The Iron Bridge Reopens to The Public Following £3.6 Million Project
English Heritage's £3.6 million conservation project to repair and restore the Iron Bridge in Shropshire has been completed.
Restorations to the world's first bridge made of iron have been unveiled, following a year-long conservation project to save the structure for future generations.
From this month the Iron Bridge is once again fully open to the public. The bridge was built in 1779 across the River Severn in Shropshire and is considered a symbol of the Industrial revolution.
The £3.6 million investment by English Heritage included meticulous repairs to the bridge including bespoke replacements for hundreds of iron wedges that hold the structure together.
Visitors will also notice a change in colour. It took six painters and 2400 litres of paint to return the bridge to its original red-brown hue after new evidence came to light during the conservation process. The paintwork is now the same colour as depicted in William Williams' 1780 painting, Cast Iron Bridge near Coalbrookdale, which is one of the earliest depictions of the structure.
Kate Mavor, English Heritage's Chief Executive, said:
'Caring for an internationally significant historic structure such as the Iron Bridge is at the heart of English Heritage's charitable purpose.
'The Iron Bridge was revolutionary when it was built, it has long been copied but it could never be replaced — so it was vital for us to undertake this major project to conserve it for future generations.
'We know how much the Iron Bridge means to people near and far, whether as the cradle of the Industrial Revolution, the spot for a romantic proposal, a memorable holiday, or just the view from the window every day. As a charity we're committed to securing the bridge's future and we're extremely grateful for the support and hard work of everyone who has played a part.'
History of The Iron Bridge
The Iron Bridge was the first single span arch bridge in the world to be made of cast iron and was a turning point in British engineering —it's the great-great-grandfather of today's railways and skyscrapers.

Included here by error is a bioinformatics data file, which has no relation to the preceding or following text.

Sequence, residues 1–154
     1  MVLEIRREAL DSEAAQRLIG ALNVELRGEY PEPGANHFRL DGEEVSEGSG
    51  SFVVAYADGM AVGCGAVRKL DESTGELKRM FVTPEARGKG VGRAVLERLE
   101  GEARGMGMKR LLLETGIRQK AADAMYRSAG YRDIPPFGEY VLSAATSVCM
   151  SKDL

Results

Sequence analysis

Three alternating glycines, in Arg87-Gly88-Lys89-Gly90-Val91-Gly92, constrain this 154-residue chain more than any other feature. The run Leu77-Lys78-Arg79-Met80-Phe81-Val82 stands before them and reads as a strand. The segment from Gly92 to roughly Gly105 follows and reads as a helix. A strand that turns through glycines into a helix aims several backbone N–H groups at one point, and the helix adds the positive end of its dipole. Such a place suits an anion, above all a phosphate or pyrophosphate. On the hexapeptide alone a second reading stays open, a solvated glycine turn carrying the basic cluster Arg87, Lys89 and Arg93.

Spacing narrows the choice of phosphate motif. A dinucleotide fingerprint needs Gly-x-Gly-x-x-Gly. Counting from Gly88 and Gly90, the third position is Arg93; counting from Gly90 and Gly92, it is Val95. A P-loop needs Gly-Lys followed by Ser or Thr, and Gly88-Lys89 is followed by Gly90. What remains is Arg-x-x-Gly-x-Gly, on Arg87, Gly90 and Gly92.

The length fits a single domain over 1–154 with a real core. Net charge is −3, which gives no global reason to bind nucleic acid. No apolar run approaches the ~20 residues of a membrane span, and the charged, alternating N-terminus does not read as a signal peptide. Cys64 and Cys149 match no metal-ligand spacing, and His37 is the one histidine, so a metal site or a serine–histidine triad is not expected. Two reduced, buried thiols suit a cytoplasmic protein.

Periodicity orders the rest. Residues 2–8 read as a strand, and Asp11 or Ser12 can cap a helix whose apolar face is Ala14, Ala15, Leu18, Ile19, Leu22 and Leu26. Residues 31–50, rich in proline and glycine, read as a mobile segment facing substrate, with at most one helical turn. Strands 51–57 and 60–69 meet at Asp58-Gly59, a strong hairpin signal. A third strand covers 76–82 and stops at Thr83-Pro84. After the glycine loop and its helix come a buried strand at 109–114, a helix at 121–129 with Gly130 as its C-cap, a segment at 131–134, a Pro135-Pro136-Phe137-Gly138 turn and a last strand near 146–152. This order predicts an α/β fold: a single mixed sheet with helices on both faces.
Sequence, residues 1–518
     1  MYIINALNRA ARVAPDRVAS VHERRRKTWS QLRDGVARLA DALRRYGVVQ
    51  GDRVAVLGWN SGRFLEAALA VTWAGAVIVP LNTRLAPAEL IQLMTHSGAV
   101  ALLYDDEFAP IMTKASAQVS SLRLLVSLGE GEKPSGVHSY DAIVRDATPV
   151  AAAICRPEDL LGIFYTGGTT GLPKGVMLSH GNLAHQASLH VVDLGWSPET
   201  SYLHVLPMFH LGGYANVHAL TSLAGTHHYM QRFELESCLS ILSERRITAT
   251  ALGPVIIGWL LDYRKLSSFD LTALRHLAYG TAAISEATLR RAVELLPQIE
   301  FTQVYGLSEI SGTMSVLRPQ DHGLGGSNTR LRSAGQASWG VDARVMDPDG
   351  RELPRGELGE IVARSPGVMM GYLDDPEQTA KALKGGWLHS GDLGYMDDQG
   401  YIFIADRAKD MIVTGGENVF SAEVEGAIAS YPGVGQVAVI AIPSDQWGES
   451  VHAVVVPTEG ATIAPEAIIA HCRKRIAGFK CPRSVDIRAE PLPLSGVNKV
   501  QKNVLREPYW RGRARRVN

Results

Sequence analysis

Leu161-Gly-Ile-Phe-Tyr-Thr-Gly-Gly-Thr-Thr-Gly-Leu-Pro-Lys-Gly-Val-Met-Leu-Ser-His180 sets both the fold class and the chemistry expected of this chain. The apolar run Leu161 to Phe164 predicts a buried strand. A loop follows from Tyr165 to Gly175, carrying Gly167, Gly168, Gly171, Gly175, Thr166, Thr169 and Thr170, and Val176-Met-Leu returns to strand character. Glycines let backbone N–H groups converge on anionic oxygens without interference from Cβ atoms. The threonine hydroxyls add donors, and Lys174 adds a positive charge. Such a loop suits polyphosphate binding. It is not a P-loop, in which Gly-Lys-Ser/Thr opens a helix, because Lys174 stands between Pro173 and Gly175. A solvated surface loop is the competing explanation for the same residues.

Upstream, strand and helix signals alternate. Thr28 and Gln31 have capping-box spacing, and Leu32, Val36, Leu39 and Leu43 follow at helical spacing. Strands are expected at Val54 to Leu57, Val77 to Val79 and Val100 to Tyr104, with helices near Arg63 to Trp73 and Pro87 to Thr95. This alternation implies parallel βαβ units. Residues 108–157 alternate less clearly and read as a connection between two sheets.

The bridge remained in full use by road traffic and pedestrians for more than 150 years, but it was closed to vehicles in 1934 when it was designated an Ancient Monument. The whole area of Iron Bridge Gorge became a World Heritage Site in 1986.
However, 21st century investigations showed that the Iron Bridge was under threat from cracking due to stresses in the ironwork dating from the original construction, as well as ground movement over the centuries, and an earthquake in the 19th century.
English Heritage began work on saving the bridge in 2017. The project was generously supported by the public. This included a €1 million donation from Germany's Hermann Reemtsma Foundation and English Heritage's first crowd-funding campaign.
The Iron Bridge is open to pedestrians and free to visit.
Latest News from
Lost Pleasure Grounds to Open at Walmer Castle17/04/2019 14:37:00
Walmer Castle's historic 'glen' will be accessible for the first time in over 100 years from the end of April.
Lost Pleasure Grounds to Open at Walmer Castle16/04/2019 15:38:00
Walmer Castle's historic 'glen' will be accessible for the first time in over 100 years from the end of April. English Heritage has also invited young refugees to special workshops, with a new learning centre the first major building at the castle in 145 years.
15th Century Painting Confirmed as Botticelli28/03/2019 12:37:00
Madonna of the Pomegranate will be on display at Ranger’s House in Greenwich from 1 April.
Kenwood's Rembrandt Masterpiece to be Displayed at Gagosian06/03/2019 14:33:00
The Gagosian's new exhibition opens next month and will also include self-portraits by Picasso, Bacon, Freud and contemporary artists including Damien Hirst and Jenny Saville.
10 Anniversaries For 201903/01/2019 14:10:00
The birth of Queen Victoria and Prince Albert, the first moon landing, D-Day, and the last public performance of the Beatles are amongst 10 important historical anniversaries in 2019.
World's Oldest Alcoholic Drink Making A Trendy Comeback30/11/2018 17:05:00
Mead – the world's oldest alcoholic drink – is fast becoming the new drink of choice for experimental cocktail lovers.
New Neolithic And Bronze Age Exhibition Curated in Partnership With British Museum11/10/2018 16:37:00
Powerful, ceremonial objects—including among the most prized objects in the British Museum’s collection of ancient Britain and Europe—to go on display at Stonehenge.
Ranger's House Opens to The Public With World-class Art Collection24/07/2018 17:14:00
Ranger's House hosts one of the greatest private art collections ever assembled in Europe and features what collector Sir Julius Wernher called the 'splendidly ugly'